Award-winning investigative reporter Brian Krebs has a book coming out next month called “Spam Nation”, exploring the underbelly of the cybercrime world.
It’s bound to be a brilliant book because, well.. frankly, everything Krebs does is brilliant.
But if you’re one of the eager followers of Krebs’ blog who has pre-ordered his book, or other products, from his publisher Sourcebooks then you may want to keep a close eye on your credit card statements.
Because, in a twist of immense irony, Brian Krebs’s publisher has been hacked.
Details of the security breach arrived via a blog post from Brian Krebs, which linked to a disclosure made by the publishing firm to the California Attorney Generalâ€™s office.
Sourcebooks recently learned that there was a breach of the shopping cart software that supports several of our websites
on April 16, 2014 â€“ June 19, 2014 and unauthorized parties were able to gain access to customer credit card information.
The credit card information included card number, expiration date, cardholder name and card verification value (CVV2).
The billing account information included first name, last name, email address, phone number, and address. In some cases,
shipping information was included as first name, last name, phone number, and address. In some cases, account password
was obtained too. To our knowledge, the data accessed did not include any Track Data, PIN Number, Printed Card
Verification Data (CVD). We are currently in the process of having a third-party forensic audit done to determine the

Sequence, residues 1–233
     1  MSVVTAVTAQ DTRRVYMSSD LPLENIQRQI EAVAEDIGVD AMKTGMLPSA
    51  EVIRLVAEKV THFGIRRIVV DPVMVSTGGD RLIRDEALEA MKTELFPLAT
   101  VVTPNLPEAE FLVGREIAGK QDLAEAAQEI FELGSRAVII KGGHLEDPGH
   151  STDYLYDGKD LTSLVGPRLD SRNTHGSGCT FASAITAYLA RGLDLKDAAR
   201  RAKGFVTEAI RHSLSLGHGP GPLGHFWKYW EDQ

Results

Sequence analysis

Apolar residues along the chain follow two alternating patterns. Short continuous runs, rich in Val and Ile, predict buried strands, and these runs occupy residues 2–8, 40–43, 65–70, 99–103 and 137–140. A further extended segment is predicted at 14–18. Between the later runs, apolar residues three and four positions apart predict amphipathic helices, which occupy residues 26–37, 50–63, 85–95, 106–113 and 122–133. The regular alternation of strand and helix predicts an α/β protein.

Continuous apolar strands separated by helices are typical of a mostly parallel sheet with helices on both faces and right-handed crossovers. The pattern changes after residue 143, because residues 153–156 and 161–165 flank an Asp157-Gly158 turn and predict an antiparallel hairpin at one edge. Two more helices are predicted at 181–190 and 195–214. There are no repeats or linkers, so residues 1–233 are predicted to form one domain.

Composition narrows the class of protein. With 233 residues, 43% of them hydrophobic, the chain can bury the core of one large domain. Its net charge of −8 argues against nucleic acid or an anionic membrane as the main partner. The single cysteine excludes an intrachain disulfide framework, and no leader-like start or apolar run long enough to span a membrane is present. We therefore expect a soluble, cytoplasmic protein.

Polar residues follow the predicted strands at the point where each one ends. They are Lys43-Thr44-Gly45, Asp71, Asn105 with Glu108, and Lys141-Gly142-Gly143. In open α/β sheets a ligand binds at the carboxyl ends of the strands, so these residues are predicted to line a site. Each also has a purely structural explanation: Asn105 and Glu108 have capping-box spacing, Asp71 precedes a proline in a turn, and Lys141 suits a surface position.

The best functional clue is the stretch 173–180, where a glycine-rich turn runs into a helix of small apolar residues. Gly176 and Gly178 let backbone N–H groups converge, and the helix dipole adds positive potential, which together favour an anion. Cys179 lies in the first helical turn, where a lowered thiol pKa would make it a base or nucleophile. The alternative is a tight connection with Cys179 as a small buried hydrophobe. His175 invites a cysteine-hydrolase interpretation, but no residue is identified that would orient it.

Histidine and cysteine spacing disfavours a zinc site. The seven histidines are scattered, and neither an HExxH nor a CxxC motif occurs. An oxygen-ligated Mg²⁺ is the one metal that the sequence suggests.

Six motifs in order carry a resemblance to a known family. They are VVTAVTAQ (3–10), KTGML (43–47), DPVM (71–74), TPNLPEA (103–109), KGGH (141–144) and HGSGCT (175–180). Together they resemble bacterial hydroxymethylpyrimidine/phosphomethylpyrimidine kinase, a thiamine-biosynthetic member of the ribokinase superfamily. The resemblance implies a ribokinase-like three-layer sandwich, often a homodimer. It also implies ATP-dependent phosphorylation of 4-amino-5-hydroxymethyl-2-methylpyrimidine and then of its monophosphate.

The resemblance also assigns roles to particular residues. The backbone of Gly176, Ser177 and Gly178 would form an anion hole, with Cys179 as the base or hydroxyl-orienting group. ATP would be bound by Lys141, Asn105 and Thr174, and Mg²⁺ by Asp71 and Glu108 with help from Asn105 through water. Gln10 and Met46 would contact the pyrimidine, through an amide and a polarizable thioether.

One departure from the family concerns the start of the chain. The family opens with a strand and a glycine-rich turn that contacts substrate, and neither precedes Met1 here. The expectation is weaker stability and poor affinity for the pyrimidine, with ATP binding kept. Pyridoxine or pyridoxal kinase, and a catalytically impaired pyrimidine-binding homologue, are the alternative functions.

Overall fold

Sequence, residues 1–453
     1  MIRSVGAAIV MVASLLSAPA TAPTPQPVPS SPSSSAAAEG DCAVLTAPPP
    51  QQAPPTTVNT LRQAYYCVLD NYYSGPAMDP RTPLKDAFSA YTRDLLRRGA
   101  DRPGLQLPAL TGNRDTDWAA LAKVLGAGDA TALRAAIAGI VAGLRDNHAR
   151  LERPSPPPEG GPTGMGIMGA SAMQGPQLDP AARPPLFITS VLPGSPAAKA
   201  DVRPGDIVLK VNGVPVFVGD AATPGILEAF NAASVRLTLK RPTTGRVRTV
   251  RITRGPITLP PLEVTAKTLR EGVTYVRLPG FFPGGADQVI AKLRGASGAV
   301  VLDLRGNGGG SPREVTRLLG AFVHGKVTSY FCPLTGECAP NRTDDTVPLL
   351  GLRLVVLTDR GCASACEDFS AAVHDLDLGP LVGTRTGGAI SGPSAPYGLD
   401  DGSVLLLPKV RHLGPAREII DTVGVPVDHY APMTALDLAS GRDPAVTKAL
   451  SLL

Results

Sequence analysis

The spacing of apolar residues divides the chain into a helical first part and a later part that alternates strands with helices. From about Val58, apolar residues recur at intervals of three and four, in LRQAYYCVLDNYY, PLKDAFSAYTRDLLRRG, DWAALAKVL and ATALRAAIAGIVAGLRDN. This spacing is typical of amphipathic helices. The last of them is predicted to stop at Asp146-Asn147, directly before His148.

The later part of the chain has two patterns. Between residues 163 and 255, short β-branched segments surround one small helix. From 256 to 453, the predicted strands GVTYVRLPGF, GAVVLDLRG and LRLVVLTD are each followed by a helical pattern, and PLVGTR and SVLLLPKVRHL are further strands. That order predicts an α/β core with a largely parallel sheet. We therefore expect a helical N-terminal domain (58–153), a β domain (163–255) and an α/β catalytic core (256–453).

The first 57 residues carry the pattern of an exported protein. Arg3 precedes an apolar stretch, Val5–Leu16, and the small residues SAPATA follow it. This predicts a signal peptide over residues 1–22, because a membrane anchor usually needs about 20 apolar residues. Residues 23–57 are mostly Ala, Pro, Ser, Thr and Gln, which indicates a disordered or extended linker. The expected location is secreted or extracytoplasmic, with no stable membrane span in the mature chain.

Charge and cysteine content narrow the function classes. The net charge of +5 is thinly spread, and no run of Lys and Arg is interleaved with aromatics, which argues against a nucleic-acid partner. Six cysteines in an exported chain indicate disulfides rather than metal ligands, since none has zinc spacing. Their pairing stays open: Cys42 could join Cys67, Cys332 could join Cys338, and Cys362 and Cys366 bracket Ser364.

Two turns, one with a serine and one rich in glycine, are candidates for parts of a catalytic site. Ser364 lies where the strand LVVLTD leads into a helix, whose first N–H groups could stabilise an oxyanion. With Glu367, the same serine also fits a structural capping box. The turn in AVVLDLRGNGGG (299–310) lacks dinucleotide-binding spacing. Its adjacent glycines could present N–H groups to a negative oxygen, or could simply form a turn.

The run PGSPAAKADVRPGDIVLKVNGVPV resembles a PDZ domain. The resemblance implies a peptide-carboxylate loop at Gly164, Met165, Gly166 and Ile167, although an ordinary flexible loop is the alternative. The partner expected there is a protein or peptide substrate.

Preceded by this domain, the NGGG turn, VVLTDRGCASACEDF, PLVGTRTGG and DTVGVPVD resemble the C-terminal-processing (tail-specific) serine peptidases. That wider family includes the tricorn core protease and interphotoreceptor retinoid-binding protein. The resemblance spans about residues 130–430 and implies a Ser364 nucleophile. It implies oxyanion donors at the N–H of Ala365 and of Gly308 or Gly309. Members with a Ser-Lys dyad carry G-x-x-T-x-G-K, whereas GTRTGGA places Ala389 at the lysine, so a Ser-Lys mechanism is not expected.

extent of this breach.
Disappointingly, there is currently no mention of the security breach on Sourcebooks’ home page, or on its blog – two places where you would expect the firm to take the opportunity to inform and warn its customers.
An examination of Sourcebooks’s website suggests it is running the CS-Cart ecommerce software, although it is unclear whether it was running the same online store code at the time of the security breach.
No details of the precise nature of the vulnerability in the Sourcebooks shopping cart software has been released, but there will no doubt be questions asked to whether the firm had kept their online store properly patched and configured to deflect attackers.
If your website relies upon third-party code and software then it is essential that you ensure it is doing the very best job possible of securing data – particularly if it might be responsible for protecting the personal information of your customers.
Of course, it’s important to underline that none of this is the fault of Brian Krebs – who has in past blog postings been encouraging his readers to pre-order his book from better known outlets such as Amazon and Barnes & Noble. I bet he’s grateful now he wasn’t actively pointing people in the direction of his publishers.
He, no doubt, is as disappointed with what has happened as the rest of us.